Ditto to Michelle's comments on the mystery of the plumeless crater
Over the next month, the LCROSS team will reconstruct the event in
more detail. The plume failure will turn out to be more of a p.r.
problem than a loss of science information problem. (The p.r. problem
is that the general public was expecting a plume and they are
stakeholders as the financiers of this and future NASA missions.)
Part of the LCROSS team event science reconstruction probably will
address the lack of observable plume.
So, how do you dig a 1 meter deep by 20 meter diameter crater (about
the size of a house foundation), excavate between 200 and 350 metric
tons of dirt and not have a plume? What we do know is that the impact
crater appears to be right-predicted size but no plume was observed. A
top 10 list of possible causes for a "good" crater but no plume are:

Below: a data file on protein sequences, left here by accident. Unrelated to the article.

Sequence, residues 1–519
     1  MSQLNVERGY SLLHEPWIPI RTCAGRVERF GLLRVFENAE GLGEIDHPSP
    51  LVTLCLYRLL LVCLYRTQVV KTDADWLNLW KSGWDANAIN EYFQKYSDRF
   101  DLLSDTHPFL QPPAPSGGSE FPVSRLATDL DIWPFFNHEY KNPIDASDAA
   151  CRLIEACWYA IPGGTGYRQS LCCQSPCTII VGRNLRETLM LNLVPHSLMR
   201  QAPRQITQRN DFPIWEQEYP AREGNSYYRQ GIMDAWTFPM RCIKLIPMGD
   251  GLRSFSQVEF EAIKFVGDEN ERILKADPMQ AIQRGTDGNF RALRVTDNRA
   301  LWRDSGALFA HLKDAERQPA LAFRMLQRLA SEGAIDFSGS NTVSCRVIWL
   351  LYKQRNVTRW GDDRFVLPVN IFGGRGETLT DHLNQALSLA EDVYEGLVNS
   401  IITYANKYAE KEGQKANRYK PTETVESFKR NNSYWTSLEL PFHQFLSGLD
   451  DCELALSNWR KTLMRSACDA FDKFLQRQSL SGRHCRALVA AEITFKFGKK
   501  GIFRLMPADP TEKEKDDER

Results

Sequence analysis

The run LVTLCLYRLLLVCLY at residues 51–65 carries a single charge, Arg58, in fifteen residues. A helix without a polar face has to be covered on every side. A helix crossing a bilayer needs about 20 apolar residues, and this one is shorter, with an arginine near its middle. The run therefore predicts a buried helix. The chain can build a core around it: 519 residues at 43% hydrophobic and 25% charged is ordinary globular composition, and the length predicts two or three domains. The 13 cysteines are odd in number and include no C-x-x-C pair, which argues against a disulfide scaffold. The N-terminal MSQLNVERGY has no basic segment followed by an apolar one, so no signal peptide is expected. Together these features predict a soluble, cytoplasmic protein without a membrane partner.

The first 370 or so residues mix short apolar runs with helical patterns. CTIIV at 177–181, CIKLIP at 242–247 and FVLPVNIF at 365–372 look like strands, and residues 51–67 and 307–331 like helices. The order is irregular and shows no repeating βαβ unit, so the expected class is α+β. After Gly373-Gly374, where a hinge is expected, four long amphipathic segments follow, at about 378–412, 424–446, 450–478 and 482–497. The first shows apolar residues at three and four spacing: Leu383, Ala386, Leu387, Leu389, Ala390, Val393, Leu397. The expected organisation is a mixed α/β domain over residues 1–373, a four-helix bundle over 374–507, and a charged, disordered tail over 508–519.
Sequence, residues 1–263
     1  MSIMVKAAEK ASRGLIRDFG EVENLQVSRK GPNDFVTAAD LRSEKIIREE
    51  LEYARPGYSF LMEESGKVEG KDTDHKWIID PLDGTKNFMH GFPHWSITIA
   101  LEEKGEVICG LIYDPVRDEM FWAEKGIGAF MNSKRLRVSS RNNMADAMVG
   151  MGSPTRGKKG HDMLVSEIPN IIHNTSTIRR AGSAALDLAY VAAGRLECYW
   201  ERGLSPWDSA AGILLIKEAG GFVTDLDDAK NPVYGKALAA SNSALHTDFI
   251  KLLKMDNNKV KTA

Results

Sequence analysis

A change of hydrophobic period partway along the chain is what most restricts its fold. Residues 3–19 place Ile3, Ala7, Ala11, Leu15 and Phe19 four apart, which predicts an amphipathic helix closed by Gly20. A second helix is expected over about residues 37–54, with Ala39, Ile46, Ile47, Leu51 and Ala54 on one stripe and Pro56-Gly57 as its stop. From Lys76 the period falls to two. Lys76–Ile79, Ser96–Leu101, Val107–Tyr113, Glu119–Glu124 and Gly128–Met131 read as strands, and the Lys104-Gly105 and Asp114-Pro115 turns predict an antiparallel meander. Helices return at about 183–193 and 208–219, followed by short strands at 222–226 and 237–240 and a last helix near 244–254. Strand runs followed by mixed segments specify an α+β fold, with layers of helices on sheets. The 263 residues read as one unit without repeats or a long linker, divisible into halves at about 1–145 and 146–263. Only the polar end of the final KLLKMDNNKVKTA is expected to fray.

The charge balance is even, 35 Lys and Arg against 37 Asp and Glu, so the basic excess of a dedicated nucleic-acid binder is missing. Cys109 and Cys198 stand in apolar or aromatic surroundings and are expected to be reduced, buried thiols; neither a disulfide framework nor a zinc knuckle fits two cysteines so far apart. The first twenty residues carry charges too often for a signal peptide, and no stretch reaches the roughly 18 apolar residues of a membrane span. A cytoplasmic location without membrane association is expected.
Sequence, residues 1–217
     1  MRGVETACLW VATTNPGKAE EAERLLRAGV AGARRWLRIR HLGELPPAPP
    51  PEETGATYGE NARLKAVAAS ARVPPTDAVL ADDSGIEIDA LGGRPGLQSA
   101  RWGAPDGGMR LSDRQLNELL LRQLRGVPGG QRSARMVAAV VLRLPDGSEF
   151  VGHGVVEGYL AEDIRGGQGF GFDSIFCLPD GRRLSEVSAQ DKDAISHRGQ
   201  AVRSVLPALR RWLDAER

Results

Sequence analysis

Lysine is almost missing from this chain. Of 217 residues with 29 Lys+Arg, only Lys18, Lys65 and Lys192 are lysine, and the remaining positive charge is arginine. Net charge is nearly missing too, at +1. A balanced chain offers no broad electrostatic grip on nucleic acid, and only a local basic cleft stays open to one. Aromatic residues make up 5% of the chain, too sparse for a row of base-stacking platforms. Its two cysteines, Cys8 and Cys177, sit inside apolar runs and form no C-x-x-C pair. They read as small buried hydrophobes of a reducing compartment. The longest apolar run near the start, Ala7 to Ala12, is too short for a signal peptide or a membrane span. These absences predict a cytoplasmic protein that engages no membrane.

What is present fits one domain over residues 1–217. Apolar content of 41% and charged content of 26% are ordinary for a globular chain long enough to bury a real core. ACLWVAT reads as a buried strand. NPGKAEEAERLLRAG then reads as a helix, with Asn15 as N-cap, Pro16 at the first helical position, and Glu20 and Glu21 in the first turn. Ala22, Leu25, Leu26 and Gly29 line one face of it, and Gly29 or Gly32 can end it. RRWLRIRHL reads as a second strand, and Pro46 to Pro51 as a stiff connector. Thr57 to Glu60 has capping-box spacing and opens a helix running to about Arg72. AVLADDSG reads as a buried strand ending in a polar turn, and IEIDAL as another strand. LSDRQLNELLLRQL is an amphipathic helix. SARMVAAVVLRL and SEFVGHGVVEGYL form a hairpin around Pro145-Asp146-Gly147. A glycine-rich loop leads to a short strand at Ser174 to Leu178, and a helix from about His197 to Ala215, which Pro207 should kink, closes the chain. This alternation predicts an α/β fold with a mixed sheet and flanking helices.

1) The plume was there at expected density and was just to faint,
a) The sunlight-topography model was wrong and the curtain never
reached the sunlight.
b) The impacter hit a slope and the ejecta angle sprayed most of the
mass on the back of M1.
c) The impacter hit a boulder in a boulder field and broke up just
before hitting the surface.
d) The topography model was wrong and the plume was blocked from
e) The unknown site specific surface material was compressed rock,
not regolith (the rock ledge theory).
g) (My speculative contribution) They hit a thinly buried ice shelf
and most of the ejecta was in the form of gas (the ice ledge theory).
2) The plume was not there or was only a faint, less-dense-than
predicted curtain, because:
a) The plume model was wrong - the plume was much less dense than
modeled. Basic physics principles for optics controlled the plume's
visiblity. If it was less bright than the "black" shadow region, even
Palomar's 200 inch cannot take an image of the plume that is fainter
than the shadowed portion of the crater against which was the
b) The plume model was right but the surface materials were not
what was anticipated. Same as 1(b)(c) and (d).
The science review with the additional LRO imagery probably will
address and answer these questions.
Clear skies - Kurt
On Oct 10, 7:23 am, "Michelle Nichols" <mnich...@adlerplanetarium.org